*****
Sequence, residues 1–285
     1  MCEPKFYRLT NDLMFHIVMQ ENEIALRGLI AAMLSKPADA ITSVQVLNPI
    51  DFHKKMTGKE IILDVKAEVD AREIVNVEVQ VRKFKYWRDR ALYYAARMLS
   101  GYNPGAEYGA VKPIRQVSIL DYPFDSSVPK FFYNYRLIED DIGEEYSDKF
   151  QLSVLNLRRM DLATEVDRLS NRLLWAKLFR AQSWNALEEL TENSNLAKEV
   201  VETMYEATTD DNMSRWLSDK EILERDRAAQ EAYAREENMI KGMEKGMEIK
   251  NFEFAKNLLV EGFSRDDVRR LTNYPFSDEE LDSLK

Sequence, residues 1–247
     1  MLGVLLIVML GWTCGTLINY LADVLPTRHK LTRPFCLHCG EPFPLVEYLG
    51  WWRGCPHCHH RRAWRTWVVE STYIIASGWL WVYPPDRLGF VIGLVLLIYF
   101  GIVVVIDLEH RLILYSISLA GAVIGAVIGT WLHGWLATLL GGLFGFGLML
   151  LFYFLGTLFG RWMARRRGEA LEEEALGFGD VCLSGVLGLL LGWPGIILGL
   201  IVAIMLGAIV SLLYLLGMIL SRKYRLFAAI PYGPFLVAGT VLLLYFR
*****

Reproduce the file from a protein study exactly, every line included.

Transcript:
Sequence, residues 1–285
     1  MCEPKFYRLT NDLMFHIVMQ ENEIALRGLI AAMLSKPADA ITSVQVLNPI
    51  DFHKKMTGKE IILDVKAEVD AREIVNVEVQ VRKFKYWRDR ALYYAARMLS
   101  GYNPGAEYGA VKPIRQVSIL DYPFDSSVPK FFYNYRLIED DIGEEYSDKF
   151  QLSVLNLRRM DLATEVDRLS NRLLWAKLFR AQSWNALEEL TENSNLAKEV
   201  VETMYEATTD DNMSRWLSDK EILERDRAAQ EAYAREENMI KGMEKGMEIK
   251  NFEFAKNLLV EGFSRDDVRR LTNYPFSDEE LDSLK

Sequence, residues 1–247
     1  MLGVLLIVML GWTCGTLINY LADVLPTRHK LTRPFCLHCG EPFPLVEYLG
    51  WWRGCPHCHH RRAWRTWVVE STYIIASGWL WVYPPDRLGF VIGLVLLIYF
   101  GIVVVIDLEH RLILYSISLA GAVIGAVIGT WLHGWLATLL GGLFGFGLML
   151  LFYFLGTLFG RWMARRRGEA LEEEALGFGD VCLSGVLGLL LGWPGIILGL
   201  IVAIMLGAIV SLLYLLGMIL SRKYRLFAAI PYGPFLVAGT VLLLYFR